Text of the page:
by Gerry Bonetto for Graphic Design USA, August 2016 There’s a very popular myth out there about the relationship between print on paper and forests. You may have even heard your clients say, “Cutting trees for paper threatens forests.” Lots of people think this. Many companies have even used this myth to motivate customers to switch from paper bills to electronic bills. But the reality is, it’s just not true. Here’s why.   THINK IN TERMS OF “TREE FARMS,” NOT “OLD GROWTH FORESTS”  In the U.S. today, trees are grown as a crop. As Bob Lindgren, President of Printing Industries Association, Inc. of Southern California (PIASC) explains, “When we consume vegetables, whether that be wheat, corn, spinach or broccoli, that farmer is going to grow more wheat, corn, spinach and broccoli. In the same way, if we’re using paper by putting ink on that paper, this means that a tree farmer is going to grow more trees.” Strong wood markets, including the demand created by print, provide an incentive for private foresters to hold their land rather than sell it for other use. With over half of U.S. forestland being privately owned—and 62% of this private land owned by families and individuals—this financial incentive is vital.1 “By using print on paper,” adds Bob, “we are giving that tree farmer income so that they can manage, renew and take care of that forest in a very responsible manner.” MILLIONS OF TREES ARE PLANTED EVERY DAY In spite of the ongoing demand for wood-based products, there are actually more trees in the U.S. today than there were 100 years ago. According to the USDA Forest Service, four million trees are planted every day in the United States. Of this amount, the wood and paper products industry plants an average of 1.7 million trees daily.2 The people who believe that cutting trees for paper threatens forests don’t realize that our industry plants more trees than are used. For every tree that is cut down, three or four are planted. The obvious benefits are huge: cleaner air and less carbon footprint. The benefit is not only from a sustainability standpoint for our environment, but also sustainability for the mills. After all, if the mills are going to cut down trees and never replant, they would be going out of business. CONCLUSION The bottom line is, cutting trees for paper does not threaten forests. The real threat to forests is that people will stop using paper, thereby reducing the market for wood products and making it economically unviable for landowners to continue to grow trees. 1Two Sides North America, Print and Paper: The Facts 2Paper Because, Truth or Fiction?, accessed May 2016 CHOOSE PRINT is an educational campaign designed to promote the effectiveness of print and to reinforce the fact that print on paper is a recyclable and renewable and thus a sustainable environmental choice. Choose Print reports that: •  Only 33% of the fibers used to make paper comes from virgin trees; 33% comes from wood chips and scrap from sawmills, and 33% comes from recycled paper. •  Strong wood markets, including the demand created by print, provide an incentive for private foresters to hold their land rather than sell it for other use. •  There are more than 750 million acres of U.S. forestland (that’s...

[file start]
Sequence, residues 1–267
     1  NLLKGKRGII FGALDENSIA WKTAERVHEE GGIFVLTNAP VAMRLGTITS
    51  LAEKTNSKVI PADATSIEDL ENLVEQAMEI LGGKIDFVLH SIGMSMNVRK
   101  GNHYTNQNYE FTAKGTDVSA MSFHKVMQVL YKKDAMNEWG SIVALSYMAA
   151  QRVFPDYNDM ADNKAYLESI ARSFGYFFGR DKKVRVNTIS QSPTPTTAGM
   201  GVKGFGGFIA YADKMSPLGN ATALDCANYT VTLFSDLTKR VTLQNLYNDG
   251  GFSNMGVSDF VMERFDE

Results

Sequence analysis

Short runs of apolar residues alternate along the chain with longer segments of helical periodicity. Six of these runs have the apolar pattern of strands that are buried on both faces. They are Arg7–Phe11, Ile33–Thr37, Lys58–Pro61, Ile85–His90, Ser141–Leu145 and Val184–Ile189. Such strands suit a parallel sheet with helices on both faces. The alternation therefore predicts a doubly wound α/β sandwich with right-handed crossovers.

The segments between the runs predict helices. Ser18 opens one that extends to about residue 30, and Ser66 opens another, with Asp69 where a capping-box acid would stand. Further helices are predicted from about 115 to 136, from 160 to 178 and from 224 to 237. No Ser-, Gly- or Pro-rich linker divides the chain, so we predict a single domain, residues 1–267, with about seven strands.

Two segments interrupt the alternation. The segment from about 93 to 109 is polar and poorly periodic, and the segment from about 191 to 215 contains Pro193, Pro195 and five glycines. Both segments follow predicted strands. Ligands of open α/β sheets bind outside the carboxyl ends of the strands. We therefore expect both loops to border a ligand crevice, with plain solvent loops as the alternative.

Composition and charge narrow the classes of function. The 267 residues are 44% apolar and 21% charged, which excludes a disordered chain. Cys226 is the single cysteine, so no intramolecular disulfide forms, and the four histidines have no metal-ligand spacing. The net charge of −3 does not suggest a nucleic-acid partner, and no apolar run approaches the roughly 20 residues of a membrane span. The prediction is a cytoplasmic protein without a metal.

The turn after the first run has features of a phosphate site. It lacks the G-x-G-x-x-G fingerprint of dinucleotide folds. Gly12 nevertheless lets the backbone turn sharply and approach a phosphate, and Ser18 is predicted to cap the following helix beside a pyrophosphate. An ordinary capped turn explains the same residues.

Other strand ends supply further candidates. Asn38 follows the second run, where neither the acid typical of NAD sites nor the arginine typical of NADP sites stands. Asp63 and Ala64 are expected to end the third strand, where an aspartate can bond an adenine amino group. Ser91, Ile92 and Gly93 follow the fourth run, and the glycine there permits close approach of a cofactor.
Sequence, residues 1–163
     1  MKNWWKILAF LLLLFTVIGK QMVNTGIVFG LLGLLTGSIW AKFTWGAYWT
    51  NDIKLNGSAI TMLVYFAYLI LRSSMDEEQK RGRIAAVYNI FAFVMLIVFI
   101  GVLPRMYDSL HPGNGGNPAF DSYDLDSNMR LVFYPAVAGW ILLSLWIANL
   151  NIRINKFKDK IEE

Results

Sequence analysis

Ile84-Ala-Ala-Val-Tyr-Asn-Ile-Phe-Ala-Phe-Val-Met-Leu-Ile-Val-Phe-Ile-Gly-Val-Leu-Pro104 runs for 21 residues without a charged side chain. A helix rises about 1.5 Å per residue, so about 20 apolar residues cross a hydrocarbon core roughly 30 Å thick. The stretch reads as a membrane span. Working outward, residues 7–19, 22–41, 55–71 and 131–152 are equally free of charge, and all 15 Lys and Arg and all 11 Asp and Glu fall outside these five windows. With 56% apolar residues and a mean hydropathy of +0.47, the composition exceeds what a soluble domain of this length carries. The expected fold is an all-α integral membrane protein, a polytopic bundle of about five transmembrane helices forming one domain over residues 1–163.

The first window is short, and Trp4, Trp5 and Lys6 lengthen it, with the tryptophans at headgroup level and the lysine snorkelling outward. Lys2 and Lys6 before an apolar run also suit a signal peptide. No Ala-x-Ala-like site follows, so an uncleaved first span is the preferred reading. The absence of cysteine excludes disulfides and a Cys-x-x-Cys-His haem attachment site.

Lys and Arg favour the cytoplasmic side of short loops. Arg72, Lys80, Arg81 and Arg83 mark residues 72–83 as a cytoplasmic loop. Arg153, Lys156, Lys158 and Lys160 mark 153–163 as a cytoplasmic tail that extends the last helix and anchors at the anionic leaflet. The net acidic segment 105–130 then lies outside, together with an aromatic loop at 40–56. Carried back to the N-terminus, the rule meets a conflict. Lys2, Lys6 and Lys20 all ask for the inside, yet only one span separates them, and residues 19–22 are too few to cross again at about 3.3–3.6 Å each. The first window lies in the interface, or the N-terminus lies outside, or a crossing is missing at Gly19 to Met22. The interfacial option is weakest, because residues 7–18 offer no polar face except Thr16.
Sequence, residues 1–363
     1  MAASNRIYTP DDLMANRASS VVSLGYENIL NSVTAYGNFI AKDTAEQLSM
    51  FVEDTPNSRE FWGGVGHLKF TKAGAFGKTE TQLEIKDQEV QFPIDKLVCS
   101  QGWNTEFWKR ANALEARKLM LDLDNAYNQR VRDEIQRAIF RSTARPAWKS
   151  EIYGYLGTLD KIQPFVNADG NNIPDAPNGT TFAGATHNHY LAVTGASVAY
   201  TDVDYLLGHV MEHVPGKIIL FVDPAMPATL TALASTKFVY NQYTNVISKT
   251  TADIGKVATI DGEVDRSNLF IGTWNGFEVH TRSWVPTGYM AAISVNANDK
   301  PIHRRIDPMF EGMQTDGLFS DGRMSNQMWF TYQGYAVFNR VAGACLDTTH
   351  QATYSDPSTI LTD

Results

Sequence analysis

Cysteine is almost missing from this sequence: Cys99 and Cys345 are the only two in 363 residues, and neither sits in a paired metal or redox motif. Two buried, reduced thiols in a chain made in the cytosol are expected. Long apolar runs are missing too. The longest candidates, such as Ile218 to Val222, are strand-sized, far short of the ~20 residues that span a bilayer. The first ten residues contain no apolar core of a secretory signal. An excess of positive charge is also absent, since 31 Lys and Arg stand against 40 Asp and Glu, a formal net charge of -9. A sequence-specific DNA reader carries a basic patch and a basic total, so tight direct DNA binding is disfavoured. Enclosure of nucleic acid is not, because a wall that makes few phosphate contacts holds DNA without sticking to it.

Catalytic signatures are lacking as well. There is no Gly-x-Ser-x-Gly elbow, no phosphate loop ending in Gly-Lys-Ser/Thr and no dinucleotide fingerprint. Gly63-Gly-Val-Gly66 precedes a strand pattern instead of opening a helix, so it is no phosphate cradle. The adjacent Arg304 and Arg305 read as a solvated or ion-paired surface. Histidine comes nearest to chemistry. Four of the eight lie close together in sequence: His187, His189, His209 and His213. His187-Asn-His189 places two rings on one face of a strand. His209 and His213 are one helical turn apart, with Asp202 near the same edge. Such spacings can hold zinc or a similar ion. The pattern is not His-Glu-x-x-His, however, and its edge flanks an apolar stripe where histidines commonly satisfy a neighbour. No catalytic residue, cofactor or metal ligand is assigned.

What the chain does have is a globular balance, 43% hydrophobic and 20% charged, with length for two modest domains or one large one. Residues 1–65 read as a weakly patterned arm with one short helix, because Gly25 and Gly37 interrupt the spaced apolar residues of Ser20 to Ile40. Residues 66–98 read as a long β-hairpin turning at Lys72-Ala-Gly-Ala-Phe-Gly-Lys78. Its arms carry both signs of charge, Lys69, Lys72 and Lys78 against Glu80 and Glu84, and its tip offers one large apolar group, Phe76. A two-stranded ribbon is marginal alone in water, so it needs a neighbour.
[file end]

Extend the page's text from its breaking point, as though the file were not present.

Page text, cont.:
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Blue Space

Posted by on Jul 17, 2016 in Blog, Creative Process | 0 comments

Blue Space